At high altitude (HA), carbohydrate (CHO) is thought to be the preferred fuel because of its higher yield of ATP per mole of O 2 . We used indirect calorimetry and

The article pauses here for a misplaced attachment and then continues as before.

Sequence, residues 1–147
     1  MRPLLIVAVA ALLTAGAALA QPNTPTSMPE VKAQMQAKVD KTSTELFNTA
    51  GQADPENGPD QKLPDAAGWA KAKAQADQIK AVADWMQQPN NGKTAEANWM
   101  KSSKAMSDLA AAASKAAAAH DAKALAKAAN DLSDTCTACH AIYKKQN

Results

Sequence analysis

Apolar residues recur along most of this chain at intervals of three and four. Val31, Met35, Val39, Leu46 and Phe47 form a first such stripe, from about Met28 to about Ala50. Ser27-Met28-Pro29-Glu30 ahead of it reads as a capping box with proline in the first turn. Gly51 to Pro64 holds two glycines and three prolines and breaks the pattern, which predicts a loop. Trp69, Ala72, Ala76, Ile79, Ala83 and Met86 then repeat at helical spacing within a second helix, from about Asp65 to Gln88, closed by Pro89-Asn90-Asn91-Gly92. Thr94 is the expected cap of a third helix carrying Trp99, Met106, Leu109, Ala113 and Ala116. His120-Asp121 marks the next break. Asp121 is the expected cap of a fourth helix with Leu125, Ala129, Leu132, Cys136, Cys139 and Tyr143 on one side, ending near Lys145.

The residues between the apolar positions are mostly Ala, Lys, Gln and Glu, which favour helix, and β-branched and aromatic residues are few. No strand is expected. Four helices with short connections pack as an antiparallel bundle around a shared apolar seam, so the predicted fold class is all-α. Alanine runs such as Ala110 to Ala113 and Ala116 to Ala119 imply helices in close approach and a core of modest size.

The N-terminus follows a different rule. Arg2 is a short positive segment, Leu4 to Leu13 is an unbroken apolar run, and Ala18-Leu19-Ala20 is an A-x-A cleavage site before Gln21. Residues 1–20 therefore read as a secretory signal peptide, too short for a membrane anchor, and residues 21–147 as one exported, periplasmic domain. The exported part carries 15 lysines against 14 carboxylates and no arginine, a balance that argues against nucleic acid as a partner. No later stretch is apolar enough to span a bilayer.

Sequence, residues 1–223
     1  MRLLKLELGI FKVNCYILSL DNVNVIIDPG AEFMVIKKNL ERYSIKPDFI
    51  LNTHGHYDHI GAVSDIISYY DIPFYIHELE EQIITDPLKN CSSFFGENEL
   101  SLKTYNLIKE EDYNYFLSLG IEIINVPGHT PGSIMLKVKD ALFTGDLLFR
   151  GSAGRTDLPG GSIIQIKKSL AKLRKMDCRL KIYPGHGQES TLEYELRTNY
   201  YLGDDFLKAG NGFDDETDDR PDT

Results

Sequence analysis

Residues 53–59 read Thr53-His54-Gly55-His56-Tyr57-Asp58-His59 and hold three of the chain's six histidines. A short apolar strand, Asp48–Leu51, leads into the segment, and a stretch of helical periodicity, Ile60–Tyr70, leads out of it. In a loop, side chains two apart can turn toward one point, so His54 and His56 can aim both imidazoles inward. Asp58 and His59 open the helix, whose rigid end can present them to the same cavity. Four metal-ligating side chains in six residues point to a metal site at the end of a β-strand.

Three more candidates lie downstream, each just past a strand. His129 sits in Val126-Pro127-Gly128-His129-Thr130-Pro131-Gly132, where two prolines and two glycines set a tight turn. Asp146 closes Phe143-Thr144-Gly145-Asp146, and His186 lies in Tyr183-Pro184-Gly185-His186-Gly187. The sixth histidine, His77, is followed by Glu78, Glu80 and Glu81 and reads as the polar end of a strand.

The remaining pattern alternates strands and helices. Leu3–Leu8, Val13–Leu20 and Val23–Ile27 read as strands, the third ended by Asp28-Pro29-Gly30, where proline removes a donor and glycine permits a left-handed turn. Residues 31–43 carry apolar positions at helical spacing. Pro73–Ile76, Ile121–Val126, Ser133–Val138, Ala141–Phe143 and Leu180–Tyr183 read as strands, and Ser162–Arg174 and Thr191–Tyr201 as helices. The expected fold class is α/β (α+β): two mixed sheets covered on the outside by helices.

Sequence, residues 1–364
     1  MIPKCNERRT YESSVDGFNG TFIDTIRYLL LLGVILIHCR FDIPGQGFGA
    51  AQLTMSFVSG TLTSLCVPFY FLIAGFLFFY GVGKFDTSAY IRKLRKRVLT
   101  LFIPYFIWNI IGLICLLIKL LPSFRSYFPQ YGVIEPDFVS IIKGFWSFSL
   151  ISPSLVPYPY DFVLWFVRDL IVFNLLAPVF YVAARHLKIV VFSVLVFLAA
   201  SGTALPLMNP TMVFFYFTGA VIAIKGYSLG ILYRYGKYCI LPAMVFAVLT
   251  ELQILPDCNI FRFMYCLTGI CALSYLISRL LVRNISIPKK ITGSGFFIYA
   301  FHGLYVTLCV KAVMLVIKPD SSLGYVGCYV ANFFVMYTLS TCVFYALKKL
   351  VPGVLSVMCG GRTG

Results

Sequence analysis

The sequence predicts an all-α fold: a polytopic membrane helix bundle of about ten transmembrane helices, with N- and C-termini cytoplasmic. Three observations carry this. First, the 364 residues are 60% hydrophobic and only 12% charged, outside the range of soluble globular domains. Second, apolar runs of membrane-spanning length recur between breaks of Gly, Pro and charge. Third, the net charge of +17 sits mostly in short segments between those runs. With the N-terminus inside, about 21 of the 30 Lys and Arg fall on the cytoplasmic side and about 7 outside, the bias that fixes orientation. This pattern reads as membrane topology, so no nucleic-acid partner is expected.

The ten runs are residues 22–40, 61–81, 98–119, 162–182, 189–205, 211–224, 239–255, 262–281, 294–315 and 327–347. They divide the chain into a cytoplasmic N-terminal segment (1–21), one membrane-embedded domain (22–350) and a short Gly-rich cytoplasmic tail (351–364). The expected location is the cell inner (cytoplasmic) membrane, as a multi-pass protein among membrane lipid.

d-[6- 3 H]glucose infusions to determine total CHO and circulatory glucose utilization during exercise in HA-acclimated and sea level (SL) rats. We hypothesized that the percent contribution of CHO to total metabolism (V̇ O 2 ) is determined by exercise intensity relative to an aerobic maximum (% V̇ O 2 max ). HA rats run under hypoxia (F IO 2 = 0.12) showed a decrease in V̇ O 2 max compared with SL (67.55 ± 1.26 vs. 89.30 ± 1.23 ml kg −1 min −1 ). When exercised at 60% of their respective V̇ O 2 max , both groups showed the same relative use of CHO (38 ± 3% and 38 ± 5% of V̇ O 2 , at the beginning of exercise, in HA and SL, respectively). In both HA and SL, circulatory glucose accounted for ≈20% of V̇ O 2 , the balance was provided by muscle glycogen (≈18% of V̇ O 2 ). After 20 min at a higher intensity of 80% V̇ O 2 max , 54 ± 5% (HA) and 59 ± 4% (SL) of V̇ O 2 was accounted for by CHO. We conclude the following: ( i) the relative contributions of total CHO, circulatory glucose, and muscle glycogen do not increase after HA acclimation because the O 2 -saving advantage of CHO is outweighed by limited CHO stores; and ( ii) relative exercise intensity is the major determinant of metabolic fuel selection at HA, as well as at SL.